The jury in the Colorado Death Penalty trial of James Holmes came back against capital punishment this week, and news reports are that the reason Holmes was spared the death penalty was due to a single juror who stood firm against it.
In Colorado, that single juror has big power. Not so in Florida.
For instance, here in Florida, Byron Burch was recently spared the death penalty in a case where Terence Lenamon argued to the jury that he should be spared. The jury agreed, and came back with a recommendation of life without parole.
To read Terry Lenamon's Opening in the Burch Penalty Phase, as well as the one given by the state's attorney, check out our earlier post of visit Terence Lenamon's Online Library (see the left sidebar link).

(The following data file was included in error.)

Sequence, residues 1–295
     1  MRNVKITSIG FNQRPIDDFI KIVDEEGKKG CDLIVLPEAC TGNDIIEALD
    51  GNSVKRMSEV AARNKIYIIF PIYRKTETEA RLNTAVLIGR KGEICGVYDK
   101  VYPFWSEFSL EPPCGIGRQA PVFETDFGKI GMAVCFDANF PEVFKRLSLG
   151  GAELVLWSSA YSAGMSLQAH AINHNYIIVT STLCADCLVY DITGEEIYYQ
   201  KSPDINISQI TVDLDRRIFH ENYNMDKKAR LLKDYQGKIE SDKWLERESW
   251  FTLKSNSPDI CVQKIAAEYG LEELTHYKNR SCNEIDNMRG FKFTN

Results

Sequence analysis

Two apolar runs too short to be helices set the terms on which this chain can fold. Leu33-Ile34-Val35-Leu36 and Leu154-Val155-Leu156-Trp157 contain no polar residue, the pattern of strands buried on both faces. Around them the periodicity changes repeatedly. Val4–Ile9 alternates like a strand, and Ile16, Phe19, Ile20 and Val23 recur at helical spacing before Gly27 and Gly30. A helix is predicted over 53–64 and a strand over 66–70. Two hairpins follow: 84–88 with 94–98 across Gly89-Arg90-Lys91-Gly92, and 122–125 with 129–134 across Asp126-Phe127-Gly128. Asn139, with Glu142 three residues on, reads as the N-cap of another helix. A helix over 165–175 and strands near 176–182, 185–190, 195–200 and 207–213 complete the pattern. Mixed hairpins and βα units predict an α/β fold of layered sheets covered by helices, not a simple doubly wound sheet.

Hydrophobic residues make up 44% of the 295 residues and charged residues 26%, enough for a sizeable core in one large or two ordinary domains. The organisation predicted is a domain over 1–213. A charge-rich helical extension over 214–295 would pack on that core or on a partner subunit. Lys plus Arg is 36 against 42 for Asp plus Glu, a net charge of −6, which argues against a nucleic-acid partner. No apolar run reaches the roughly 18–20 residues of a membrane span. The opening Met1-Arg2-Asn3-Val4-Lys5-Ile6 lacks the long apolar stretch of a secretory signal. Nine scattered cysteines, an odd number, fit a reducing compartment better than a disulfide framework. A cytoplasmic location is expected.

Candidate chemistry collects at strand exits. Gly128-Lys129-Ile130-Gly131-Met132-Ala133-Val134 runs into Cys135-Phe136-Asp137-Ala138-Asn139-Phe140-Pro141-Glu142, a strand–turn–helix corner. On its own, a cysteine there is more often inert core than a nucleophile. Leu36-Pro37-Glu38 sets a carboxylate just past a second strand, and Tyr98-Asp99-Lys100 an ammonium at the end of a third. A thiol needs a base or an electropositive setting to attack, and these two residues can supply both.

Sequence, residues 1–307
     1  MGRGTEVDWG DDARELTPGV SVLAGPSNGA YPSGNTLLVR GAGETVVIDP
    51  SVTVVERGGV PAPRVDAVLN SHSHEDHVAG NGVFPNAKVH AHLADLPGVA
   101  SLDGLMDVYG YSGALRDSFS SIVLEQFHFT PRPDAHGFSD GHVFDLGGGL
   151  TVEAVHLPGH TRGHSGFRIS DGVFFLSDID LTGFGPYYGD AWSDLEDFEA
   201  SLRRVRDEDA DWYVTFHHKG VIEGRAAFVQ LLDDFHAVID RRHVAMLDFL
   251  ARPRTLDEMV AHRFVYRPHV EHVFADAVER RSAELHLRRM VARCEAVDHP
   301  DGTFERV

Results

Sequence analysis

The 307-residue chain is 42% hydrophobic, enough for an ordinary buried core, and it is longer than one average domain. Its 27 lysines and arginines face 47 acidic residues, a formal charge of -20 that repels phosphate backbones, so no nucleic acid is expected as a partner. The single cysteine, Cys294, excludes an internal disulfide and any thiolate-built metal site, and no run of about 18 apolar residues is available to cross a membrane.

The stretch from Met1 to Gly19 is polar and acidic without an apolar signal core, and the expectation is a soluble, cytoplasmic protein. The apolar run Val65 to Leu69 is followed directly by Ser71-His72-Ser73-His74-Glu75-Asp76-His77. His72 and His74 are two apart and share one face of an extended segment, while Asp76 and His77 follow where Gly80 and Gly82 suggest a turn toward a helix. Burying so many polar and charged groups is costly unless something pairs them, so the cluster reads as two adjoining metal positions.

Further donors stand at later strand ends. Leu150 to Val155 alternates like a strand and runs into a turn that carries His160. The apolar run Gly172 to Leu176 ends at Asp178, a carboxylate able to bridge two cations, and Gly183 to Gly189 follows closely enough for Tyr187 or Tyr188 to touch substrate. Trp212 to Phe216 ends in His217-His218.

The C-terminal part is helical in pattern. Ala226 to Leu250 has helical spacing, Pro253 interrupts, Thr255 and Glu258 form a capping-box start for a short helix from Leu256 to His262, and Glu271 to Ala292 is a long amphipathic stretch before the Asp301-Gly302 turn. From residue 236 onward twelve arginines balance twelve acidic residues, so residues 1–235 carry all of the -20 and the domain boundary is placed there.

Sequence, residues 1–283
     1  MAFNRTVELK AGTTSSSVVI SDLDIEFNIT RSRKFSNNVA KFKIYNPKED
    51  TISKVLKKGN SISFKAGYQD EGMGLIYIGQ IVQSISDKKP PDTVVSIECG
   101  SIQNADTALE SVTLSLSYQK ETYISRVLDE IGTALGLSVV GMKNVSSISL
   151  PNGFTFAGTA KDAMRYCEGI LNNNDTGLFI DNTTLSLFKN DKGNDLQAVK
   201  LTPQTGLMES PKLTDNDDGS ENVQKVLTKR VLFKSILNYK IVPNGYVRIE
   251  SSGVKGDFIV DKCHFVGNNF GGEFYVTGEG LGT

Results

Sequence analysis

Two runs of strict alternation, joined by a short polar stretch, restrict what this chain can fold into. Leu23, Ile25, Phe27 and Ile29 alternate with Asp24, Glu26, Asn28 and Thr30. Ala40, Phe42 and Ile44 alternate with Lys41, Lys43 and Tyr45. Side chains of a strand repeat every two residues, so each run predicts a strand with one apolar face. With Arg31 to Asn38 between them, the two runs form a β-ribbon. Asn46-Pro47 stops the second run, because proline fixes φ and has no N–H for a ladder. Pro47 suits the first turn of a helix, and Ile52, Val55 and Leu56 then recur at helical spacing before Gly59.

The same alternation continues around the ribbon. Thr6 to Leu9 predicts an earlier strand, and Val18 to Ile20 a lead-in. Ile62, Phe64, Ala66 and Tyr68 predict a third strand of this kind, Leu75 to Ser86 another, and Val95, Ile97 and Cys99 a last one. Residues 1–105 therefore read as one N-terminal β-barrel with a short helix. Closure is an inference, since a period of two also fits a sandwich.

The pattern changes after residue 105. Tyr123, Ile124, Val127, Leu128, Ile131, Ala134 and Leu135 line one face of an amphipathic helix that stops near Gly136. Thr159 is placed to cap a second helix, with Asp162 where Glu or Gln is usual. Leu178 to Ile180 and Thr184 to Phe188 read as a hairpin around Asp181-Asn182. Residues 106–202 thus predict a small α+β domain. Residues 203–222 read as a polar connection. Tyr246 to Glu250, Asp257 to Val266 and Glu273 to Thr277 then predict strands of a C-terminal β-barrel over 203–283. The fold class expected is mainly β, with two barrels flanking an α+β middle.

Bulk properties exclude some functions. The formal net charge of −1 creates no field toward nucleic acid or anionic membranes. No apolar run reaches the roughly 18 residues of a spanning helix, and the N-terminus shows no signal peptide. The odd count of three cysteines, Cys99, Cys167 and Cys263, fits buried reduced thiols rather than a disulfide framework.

Florida Jury Difference in Death Penalty Cases
Many people assume that for someone to get the death penalty, there has to be 100% agreement among the jurors, or at least a majority of 10 to 2. Colorado requires an unanimous agreement, which is why that sole juror was able to thwart the state's desire for capital punishment.
However, in Florida, things are different. Here, in a death penalty case, there needs to be a mere 7 to 5 jury vote in favor of the death penalty for a Florida jury to recommend capital punishment for someone.
Which means that it's much easier to get the death penalty in Florida than in other states and why Terry's victory last week is so impressive.
Note: Right now, the United States Supreme Court has a case pending before it that challenges Florida's current death penalty jury process. See our earlier post for details.